The right to choose the type of incorporation process of privately held corporations is usually given to the corporation itself or its managers and board of directors. Texas law provides various forms of internal business models that may be incorporated in order to run the company on a daily basis.
Many companies consult professional legal help in order to facilitate incorporation of privately held corporations. In the past, many privately held corporations were criticized for the way in which they executed manager-run policies. The corporations used to allegedly make policies that benefited the managers of the company and were detrimental to the shareholders, especially the minority shareholders.
With the passage of time and the growing advocacy of shareholders' rights, Texas courts have more recently also set precedents to benefit the shareholders. Thus, in the recent past, it has been observed by financial experts that the policies of most privately held corporations are more moderate and they benefit all parties involved.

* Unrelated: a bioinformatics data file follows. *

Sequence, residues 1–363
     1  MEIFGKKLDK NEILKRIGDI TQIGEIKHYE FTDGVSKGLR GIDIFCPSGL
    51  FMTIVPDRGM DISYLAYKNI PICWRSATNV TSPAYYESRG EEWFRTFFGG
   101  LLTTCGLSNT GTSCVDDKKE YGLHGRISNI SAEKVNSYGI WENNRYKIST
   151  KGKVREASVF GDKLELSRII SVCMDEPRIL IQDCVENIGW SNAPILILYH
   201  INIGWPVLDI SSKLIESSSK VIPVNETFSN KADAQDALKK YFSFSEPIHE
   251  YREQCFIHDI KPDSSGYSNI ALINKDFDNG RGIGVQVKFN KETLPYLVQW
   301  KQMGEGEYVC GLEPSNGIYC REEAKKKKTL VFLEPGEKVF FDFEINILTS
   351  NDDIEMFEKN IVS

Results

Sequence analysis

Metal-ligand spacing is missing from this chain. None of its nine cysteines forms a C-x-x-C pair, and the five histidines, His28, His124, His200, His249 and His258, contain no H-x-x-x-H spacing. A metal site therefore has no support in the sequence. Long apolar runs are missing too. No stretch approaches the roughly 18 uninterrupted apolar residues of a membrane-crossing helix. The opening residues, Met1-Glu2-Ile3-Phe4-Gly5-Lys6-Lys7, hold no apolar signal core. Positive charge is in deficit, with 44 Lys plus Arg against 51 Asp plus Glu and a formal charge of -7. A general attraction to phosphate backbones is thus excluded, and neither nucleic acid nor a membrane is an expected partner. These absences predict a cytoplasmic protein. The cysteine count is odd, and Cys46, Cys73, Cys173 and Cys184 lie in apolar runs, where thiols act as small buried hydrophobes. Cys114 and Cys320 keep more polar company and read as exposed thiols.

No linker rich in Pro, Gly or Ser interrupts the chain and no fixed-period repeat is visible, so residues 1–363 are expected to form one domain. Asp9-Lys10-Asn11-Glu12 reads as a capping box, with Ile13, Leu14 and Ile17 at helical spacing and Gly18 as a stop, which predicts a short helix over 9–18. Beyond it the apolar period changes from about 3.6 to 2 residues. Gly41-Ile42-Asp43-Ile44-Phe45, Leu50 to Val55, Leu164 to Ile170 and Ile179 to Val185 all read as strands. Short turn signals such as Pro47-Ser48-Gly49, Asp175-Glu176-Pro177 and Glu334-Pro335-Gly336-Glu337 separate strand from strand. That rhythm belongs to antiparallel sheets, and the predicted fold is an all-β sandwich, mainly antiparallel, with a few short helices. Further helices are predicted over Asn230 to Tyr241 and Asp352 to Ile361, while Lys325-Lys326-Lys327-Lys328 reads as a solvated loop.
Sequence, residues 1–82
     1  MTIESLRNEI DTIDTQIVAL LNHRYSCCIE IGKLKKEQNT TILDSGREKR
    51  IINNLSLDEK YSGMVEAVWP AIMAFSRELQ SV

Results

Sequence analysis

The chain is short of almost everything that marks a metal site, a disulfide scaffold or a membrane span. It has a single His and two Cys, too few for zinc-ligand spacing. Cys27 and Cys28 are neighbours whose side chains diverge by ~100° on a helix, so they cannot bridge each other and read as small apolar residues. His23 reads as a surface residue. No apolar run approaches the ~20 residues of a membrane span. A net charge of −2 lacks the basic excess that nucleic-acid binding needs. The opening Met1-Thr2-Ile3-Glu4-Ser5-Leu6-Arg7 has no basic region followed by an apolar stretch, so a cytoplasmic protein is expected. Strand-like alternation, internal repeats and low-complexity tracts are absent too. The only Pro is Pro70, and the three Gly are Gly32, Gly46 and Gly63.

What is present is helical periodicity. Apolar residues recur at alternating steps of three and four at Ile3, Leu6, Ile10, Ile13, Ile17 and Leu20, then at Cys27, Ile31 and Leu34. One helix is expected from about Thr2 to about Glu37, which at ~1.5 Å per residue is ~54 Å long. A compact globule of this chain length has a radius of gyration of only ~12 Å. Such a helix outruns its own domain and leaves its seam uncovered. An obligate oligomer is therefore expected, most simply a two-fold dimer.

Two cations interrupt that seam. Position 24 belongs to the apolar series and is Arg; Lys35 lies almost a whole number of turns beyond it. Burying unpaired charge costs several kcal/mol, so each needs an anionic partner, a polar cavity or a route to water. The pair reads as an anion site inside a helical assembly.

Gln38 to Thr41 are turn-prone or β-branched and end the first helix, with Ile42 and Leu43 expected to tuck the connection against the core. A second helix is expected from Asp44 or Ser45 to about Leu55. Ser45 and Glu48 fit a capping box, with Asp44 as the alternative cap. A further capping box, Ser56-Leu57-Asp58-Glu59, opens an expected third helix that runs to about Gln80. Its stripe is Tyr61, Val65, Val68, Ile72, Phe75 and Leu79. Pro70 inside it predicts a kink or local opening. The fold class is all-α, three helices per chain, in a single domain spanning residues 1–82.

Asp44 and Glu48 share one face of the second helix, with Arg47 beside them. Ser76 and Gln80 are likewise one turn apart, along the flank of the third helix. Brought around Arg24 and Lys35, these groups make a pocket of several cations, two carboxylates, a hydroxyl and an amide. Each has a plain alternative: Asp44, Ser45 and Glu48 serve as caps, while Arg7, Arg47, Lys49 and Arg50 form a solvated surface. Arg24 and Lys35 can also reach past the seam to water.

While most privately held corporations in Texas tend to be small firms, there are various large and extremely large corporations that are still privately held. One of the major reasons for such large corporations not to go public is so that they can retain control over the daily decisions of the company. A second major motivating factor for many corporations keeping things private is the substantially smaller amount of paperwork that is required during the incorporation process.
The backbone of the American economy is the privately held corporation. Those corporations may be family businesses or small partnership firms. Thus, privately held corporations in the state are not only significant when they become large corporations, but they have a significant economic impact irrespective of their size.
Source: UTexas.edu, "The incorporation choices of privately held companies," Accessed on Jan. 22, 2015